the applicable legal history.
20

Until the year 1867 habeas corpus in the federal courts was, except for rare
instances, only available to those detained in federal prisons. In that year,
however, as part of its Reconstruction legislation, Congress provided that the
United States courts could grant this writ in "all cases where any person may be
restrained of his * * * liberty in violation of the constitution, or of any treaty or
law of the United States * * *." 14 Stat. 385. With only slight changes in
language this statute has come down to the present day as 28 U.S.C. 2241.
This legislation gave the lower federal courts a broad jurisdiction to inquire into
the constitutionality of the detention of any prisoner incarcerated pursuant to a
conviction in a state court. Ex parte Royall, 117 U.S. 241, 247, 6 S.Ct. 734, 29
L.Ed. 868 (1886).

21

But in applying the statute the federal courts were hesitant to reopen matters
that had been fully litigated in the state trial and state appellate courts. It was
not generally accepted until well into this century that the federal habeas corpus
court had the duty to make an independent review of the details of the
procedure accorded the defendant in the state court in order to determine
whether he had received due process of law there as required of the states by
the Fourteenth Amendment. As late as 1915 the Supreme Court sanctioned a
district court's refusal to inquire into the merits of an allegation of mob
domination at the relator's trial because the state courts had reviewed this issue
fully, first on the defendant's motion for a new trial and again on appeal to the
state supreme court. Frank v. Mangum, 237 U.S. 309, 35 S.Ct. 582, 59 L.Ed.
969 (1915). A similar approach had been taken by the Court in In re Wood, 140
U.S. 278, 287, 11 S.Ct. 738, 35 L.Ed. 505 (1891) (alternative holding).

22

Eight years after the decision in Frank v. Mangum, however, in Moore v.


Dempsey, 261 U.S. 86, 43 S.Ct. 265, 67 L.Ed. 543 (1923), the Supreme Court
clearly recognized the duty of a federal judge to determine for himself whether
the petitioner was convicted pursuant to due process of law.4 Again the
allegation was mob domination. The Court stated:

23

"We assume in accordance with that case that the corrective process supplied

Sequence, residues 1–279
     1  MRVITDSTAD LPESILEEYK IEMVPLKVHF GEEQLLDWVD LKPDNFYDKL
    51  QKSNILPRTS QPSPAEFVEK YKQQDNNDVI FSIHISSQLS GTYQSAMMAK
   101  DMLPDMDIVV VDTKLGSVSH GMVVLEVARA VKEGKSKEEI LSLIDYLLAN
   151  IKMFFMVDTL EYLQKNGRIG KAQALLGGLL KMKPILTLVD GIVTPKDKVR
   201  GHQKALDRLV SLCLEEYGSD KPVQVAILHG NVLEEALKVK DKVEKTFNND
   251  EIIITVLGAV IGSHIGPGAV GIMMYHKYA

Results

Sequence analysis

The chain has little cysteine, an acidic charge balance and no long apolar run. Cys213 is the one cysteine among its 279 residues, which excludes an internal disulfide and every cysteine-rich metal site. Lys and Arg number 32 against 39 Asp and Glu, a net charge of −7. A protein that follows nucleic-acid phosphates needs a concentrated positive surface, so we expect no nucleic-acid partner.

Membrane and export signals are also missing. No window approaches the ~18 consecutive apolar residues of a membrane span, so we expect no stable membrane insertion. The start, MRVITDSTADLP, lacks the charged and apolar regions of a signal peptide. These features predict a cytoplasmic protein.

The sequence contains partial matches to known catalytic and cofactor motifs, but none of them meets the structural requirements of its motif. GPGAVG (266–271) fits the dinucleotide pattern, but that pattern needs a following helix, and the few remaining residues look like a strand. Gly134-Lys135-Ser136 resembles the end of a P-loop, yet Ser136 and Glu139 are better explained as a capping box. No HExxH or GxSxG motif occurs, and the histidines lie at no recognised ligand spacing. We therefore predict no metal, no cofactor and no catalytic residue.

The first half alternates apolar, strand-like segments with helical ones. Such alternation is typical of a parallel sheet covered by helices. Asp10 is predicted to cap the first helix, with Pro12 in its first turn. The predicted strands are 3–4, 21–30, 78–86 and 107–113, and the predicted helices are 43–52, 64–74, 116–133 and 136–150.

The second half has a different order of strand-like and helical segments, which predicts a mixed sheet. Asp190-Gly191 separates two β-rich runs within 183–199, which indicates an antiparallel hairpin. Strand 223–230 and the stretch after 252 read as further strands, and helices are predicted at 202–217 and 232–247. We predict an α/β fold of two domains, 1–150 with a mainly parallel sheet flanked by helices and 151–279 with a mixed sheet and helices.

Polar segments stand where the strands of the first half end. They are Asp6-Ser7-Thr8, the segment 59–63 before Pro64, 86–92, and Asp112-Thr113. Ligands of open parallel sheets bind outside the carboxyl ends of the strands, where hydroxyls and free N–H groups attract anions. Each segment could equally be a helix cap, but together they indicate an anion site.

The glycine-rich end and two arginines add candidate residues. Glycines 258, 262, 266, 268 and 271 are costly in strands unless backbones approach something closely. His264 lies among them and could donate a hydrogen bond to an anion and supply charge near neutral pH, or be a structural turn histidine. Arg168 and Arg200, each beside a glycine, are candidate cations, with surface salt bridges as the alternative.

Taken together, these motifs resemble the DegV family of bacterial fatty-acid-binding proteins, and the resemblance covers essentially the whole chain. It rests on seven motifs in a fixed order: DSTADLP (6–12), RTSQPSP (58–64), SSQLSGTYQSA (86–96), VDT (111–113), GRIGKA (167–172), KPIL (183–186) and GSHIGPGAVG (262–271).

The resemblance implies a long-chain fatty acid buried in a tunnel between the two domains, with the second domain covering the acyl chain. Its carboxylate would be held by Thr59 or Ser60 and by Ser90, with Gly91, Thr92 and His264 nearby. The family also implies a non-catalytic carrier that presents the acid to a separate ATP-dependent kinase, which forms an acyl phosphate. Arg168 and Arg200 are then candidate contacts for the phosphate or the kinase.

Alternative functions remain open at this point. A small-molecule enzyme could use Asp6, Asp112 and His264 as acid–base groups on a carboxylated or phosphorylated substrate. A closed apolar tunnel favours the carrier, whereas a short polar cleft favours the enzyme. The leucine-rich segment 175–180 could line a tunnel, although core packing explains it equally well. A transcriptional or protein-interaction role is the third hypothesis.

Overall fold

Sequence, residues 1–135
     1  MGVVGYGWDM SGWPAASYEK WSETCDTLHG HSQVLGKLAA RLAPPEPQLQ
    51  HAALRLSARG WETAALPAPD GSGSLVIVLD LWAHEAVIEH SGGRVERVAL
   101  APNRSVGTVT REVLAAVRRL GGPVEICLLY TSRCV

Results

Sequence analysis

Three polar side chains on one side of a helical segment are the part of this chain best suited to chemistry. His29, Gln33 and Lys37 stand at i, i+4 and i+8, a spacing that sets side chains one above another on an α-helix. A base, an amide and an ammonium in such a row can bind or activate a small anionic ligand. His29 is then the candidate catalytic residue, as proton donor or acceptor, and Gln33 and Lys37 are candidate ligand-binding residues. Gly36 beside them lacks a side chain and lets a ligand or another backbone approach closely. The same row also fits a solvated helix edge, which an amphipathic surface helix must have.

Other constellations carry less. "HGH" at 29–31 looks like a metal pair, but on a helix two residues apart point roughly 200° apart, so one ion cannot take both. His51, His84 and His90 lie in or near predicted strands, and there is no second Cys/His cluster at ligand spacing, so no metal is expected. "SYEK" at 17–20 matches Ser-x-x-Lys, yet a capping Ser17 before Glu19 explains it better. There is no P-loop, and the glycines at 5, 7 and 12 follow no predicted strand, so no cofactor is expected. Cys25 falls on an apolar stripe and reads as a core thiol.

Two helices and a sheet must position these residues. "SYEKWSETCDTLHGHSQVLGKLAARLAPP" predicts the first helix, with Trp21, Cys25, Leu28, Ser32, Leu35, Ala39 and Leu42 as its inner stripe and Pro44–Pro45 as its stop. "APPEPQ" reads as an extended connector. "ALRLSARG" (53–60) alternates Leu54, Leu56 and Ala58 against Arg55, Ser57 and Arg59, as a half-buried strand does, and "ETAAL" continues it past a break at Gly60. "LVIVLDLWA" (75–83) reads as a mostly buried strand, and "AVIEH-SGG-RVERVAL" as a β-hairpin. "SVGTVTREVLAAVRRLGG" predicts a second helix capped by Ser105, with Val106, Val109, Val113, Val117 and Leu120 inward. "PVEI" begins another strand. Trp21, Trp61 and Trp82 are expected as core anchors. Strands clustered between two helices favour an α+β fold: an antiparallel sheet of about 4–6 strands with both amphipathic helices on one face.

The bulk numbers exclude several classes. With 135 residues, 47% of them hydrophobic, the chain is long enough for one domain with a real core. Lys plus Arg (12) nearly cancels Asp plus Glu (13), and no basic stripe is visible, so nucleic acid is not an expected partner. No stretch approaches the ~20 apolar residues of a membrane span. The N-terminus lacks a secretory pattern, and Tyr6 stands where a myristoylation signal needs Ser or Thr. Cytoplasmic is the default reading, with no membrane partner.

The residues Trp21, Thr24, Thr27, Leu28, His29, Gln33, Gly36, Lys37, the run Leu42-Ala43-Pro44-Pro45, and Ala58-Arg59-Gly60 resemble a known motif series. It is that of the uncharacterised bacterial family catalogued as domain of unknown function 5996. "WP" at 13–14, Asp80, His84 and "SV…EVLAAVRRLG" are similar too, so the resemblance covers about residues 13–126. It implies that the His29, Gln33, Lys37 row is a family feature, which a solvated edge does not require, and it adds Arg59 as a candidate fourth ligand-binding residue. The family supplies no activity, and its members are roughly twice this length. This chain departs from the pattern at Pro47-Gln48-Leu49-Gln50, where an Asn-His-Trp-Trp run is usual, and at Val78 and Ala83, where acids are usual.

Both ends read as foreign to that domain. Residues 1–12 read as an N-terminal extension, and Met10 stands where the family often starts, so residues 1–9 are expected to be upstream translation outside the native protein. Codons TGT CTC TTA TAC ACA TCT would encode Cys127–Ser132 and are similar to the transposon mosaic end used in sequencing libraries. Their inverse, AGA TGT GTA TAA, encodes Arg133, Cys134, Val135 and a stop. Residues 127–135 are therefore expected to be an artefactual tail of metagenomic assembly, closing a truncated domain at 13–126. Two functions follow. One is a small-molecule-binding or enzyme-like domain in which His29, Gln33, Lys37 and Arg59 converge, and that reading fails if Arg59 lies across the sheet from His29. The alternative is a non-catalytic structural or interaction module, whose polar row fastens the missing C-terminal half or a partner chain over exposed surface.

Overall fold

by the State may be so adequate that interference by habeas corpus ought not to
be allowed. It certainly is true that mere mistakes of law in the course of a trial
are not to be corrected in that way. But if the case is that the whole proceeding
is a mask that counsel, jury and judge were swept to the fatal end by an

irresistible wave of public passion, and that the State Courts have failed to
correct the wrong, neither perfection in the machinery for correction nor the
possibility that the trial court and counsel saw no other way of avoiding an
immediate outbreak of the mob can prevent this Court from securing to the
petitioners their constitutional rights.
24

"* * * We shall not say more concerning the corrective process afforded to the
petitioners than that it does not seem to us sufficient to allow a Judge of the
United States to escape the duty of examining the facts for himself when if true
as alleged they make the trial absolutely void." Id. at 91, 92, 43 S.Ct. at 266,
267.

25

Ever since that momentous decision the Supreme Court has continued to
subject the administration of state criminal justice to the independent inquiry of
federal courts pursuant to a petition for habeas corpus. E. g., Mooney v.
Holohan, 294 U.S. 103, 55 S.Ct. 340, 79 L.Ed. 791 (1935), Brown v. Allen,
344 U.S. 443, 73 S.Ct. 397, 437, 97 L.Ed. 469 (1953). And, through the years,
in this review of state trials, the United States courts have developed an ever
expanding concept of due process. See Darr v. Burford, 339 U.S. 200, 221, 70
S.Ct. 587, 94 L.Ed. 761 (1950) (Frankfurter, J., dissenting), Reitz, supra, at
1329.

26

Meanwhile, the federal courts in habeas corpus cases were also developing
another theory, this one being calculated to reduce the instances of federal
habeas corpus review of state convictions. This was the requirement that a
prisoner incarcerated pursuant to a state conviction exhaust his available state
remedies before he seek relief under federal habeas corpus. Nineteen years after
the passage of the habeas corpus statute which was to become 28 U.S.C.
2241, the Supreme Court handed down the first opinion expounding the
requirement that a habeas corpus petitioner first exhaust his state remedies. Ex
parte Royall, 117 U.S. 241, 6 S.Ct. 734, 29 L.Ed. 868 (1886). In that case it
was held that the federal court in its discretion might withhold the federal writ